It’s been an interesting month. One of the things that surprised me was how many people talked to me about their own experiences with depression, both on my blog post and in person. When I went to Penguicon, the depression post came up in conversation almost as frequently as my cover poses. Depression is far more common than I realized … which reinforced that I had made the right decision to blog about it.
Almost immediately after I left the doctor’s office last month, I started feeling a little better. Since it takes time for the meds to build up in your system, I ascribed that initial improvement to the fact that I was doing something about the problem instead of feeling stuck and hopeless.
I’ll be honest, I wasn’t expecting much from the pills. I wasn’t convinced the meds would help — I wasn’t even entirely convinced that I was really depressed as opposed to just feeling stressed out — and even if it was, I wasn’t sure the dosage I was on would be enough. But damn if I haven’t noticed an improvement. I’ve been able to take things in stride that would have been far more upsetting a month ago, from the suicidal raccoon that busted up my headlight to schedule snafus with my wife and kids to the Great Flea Invasion at home to assorted work stuff.
It’s not all happiness and rainbow-farting unicorns yet. The other day, something knocked me back into that ugly/hopeless/fugitall morass, and it took about two days to pull myself out. But overall, I’m doing better.
I feel more like me.
This isn’t the first time I’ve experienced this. Back in 1998 when my pancreas took early retirement, the diabetes seriously messed me up before I got diagnosed and brought my blood sugar under control. I was, to put it bluntly, a cranky, miserable asshole. And it had snuck up on me over weeks or months, so slowly I hadn’t even noticed. When I finally got on insulin, I was amazed at how much better I felt, how much I had missed me, if that makes sense.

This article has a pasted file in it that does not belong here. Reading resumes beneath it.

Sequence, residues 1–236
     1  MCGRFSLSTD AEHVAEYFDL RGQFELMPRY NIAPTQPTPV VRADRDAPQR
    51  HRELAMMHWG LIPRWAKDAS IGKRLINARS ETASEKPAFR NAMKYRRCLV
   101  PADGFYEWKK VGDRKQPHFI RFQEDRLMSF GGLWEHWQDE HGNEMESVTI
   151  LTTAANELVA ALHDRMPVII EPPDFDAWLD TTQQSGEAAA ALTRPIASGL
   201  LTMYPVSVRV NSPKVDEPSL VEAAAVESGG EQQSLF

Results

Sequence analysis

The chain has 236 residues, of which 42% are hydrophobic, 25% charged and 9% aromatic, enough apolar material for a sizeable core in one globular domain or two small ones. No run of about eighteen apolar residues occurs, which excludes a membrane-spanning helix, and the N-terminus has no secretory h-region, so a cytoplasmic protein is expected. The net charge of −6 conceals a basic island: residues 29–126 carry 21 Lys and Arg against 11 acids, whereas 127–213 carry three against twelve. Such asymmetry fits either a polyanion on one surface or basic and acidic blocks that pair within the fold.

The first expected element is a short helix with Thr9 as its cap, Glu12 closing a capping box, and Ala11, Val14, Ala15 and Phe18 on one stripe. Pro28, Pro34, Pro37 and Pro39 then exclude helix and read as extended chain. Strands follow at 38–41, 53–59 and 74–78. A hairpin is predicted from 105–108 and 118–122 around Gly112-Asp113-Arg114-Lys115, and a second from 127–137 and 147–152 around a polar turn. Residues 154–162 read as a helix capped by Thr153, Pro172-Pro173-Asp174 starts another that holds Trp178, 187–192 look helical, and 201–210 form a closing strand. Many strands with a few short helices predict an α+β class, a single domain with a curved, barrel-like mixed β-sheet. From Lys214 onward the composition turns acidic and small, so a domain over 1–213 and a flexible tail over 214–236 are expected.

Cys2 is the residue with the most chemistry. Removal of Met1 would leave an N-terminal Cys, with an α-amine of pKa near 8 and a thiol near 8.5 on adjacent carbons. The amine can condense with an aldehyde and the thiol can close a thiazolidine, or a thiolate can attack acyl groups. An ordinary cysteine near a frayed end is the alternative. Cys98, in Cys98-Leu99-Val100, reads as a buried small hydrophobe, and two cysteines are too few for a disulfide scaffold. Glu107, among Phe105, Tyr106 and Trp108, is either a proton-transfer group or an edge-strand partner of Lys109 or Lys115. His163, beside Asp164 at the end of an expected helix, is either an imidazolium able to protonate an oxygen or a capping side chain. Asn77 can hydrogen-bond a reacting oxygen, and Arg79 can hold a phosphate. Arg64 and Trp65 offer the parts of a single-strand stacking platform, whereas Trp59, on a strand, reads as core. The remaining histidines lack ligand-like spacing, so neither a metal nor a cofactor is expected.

It happened when I lived in Nevada, too. Elko did not agree with me, and looking back, I was seriously depressed by the end of it, though I didn’t recognize it at the time. I quit my job and moved back to where I had friends and family, and just like in ’98, I found me again.
I missed me. And I’m a little disturbed that I seem to make a habit of losing myself…
I’ve kept an almost paranoid eye out for side effects. I noticed a little bit of dry mouth early on, but that might have been psychosomatic. I’ve heard people talk about antidepressants making them mentally fuzzy, which was probably my biggest fear. I don’t think that’s happened, but I’m not completely sure. I’m struggling with the sequel to Libriomancer, but I was struggling before I started the meds too. I think it’s just a pain-in-the-ass first draft, not a consequence of extra mental sluggishness on my part.
The current plan is to stay on the Zoloft for six months to a year, then reevaluate where I’m at. I’ve also got a list of possible referrals for counseling that I’m planning to follow up on. (I’ve been procrastinating, partly due to lack of time, and partly due to the lingering shame of needing help.)
I really dislike the idea of being dependent on pharmaceuticals for my happiness and mental/emotional well-being. Insulin for a messed-up pancreas? No problem. Medication for a messed-up brain? That’s harder to accept. But I’m even more scared about the idea of going off the pills and sliding back into the space I was in earlier this year. I’m hoping the counseling will help with this and give me some longer-term solutions.
For the moment though, things are pretty good. I’ve been able to enjoy more of my life than I was before. The good parts actually feel good, and the bad parts, while still present — damn fleas! — aren’t as overwhelming.
Score one for the happy pills.
Mirrored from Jim C. Hines.